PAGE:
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Delegate wants parity in dry cleaning prices

January 31, 1998|By GUY FLETCHER

Delegate wants parity in dry cleaning prices

ANNAPOLIS - A shirt is always a shirt, at least that's what some might think.

But when Del. J. Anita Stup, R-Frederick/Washington, takes her clothes to the dry cleaners, she said she ends up paying as much as three times more to have her shirts cleaned than she pays for her husband's shirts.

"It's something that has ticked me off forever," Stup said.

But instead of just grumbling and paying, she has done something about it. Last month Stup filed legislation in the Maryland General Assembly that would prohibit dry cleaners from discriminating between men and women in their pricing.

"All we're trying to do is to make sure everything is a shirt for a shirt," she said.

The issue is not a new one; claims of disparities in gender pricing has been made for years. Dry cleaners said they have heard this complaint before, and insist that it is mostly unwarranted.

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"We come under fire for this quite a bit," said Linda Grimm, owner of Keefauver Dry Cleaners on South Potomac Street in Hagerstown.

Simply put, women's clothes generally take more time and effort to clean and press than men's clothes do, she said.

A man's cotton shirt can be washed and finished on a large press, but women's blouses, which are often made out of more-delicate fabrics like silk and rayon, require hand-ironing, Grimm said.

"There are some fabrics that you have to finish up by hand. You cannot do it on a press," she said.

Sometimes the difference requires up to 15 minutes extra work, she said. As a result, Grimm said she charges $2.35 for silk and rayon shirts, and $1.25 for cotton. Men would have to pay the same if they have a silk or rayon shirt, she added.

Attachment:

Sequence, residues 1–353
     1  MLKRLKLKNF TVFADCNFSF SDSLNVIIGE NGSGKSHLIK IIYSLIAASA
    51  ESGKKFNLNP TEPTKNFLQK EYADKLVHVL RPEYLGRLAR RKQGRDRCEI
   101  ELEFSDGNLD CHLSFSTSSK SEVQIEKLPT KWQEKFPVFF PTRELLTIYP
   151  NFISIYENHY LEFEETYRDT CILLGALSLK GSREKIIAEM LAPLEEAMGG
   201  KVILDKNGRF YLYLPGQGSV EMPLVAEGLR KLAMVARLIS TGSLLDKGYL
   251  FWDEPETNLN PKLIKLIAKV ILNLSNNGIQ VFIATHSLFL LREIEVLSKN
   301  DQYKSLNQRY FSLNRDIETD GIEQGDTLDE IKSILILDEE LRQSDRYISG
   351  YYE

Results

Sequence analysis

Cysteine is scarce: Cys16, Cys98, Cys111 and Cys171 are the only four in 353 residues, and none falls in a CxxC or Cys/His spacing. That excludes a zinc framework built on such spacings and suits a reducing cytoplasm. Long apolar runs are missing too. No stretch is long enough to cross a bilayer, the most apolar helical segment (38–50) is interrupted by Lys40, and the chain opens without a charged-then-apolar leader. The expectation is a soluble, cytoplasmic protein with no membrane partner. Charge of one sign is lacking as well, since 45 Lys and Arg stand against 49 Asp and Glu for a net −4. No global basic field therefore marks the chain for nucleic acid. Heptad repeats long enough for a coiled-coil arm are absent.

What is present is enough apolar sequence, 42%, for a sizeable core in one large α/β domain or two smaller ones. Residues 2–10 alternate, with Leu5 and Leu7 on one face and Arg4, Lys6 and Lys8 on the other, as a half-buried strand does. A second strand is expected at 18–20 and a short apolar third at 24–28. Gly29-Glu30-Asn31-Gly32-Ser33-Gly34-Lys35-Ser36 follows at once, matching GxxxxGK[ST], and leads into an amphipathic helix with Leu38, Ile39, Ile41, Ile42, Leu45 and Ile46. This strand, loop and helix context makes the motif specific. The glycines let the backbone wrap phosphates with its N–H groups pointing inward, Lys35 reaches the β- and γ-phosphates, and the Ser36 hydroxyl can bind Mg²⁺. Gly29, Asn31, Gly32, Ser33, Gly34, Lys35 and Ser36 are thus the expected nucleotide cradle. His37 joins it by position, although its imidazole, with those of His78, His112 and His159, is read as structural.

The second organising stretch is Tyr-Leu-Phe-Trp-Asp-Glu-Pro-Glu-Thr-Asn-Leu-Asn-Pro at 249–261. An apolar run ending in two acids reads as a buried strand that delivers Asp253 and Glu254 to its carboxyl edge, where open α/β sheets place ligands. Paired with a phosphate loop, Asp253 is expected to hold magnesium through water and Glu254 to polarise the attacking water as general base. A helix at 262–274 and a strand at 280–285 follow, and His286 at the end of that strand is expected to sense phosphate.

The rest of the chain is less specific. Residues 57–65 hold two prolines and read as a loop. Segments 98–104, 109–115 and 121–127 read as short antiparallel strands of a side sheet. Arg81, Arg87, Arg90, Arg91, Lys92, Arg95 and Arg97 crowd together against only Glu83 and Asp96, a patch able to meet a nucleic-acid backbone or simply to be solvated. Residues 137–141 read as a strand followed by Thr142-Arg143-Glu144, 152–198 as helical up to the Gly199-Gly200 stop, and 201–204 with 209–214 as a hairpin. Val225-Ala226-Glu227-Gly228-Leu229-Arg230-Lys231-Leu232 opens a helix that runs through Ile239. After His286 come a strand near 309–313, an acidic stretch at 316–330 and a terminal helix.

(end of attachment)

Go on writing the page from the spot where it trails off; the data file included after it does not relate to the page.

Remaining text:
William Price, owner of One Hour Professional Cleaners on West Franklin Street in Hagerstown, said he knows all too well the hazards of trying to press a woman's silk blouse on a heavy press.

"We tried it one time and it just didn't work out. I had to pay for a silk blouse," he said.

Price said he charges $1.50 to $2 for silk shirts.

"We're not going to hand-iron it for $1.30," he said, referring to his price for cotton shirts.

Stup said she is aware of the need for different prices for different fabrics. She said there are already industry standards in place that dictate that pricing be based on fabric instead of gender.

She just wants to see a law passed that makes sure those standards are being enforced.

The legislation also asks that dry cleaners clearly post their prices, so that decisions on how much an item cost are not arbitrarily made when an item is dropped off to be cleaned.

The legislation (H.B. 155) has been assigned to the House Commerce and Government Matters Committee. No hearing date has been set.

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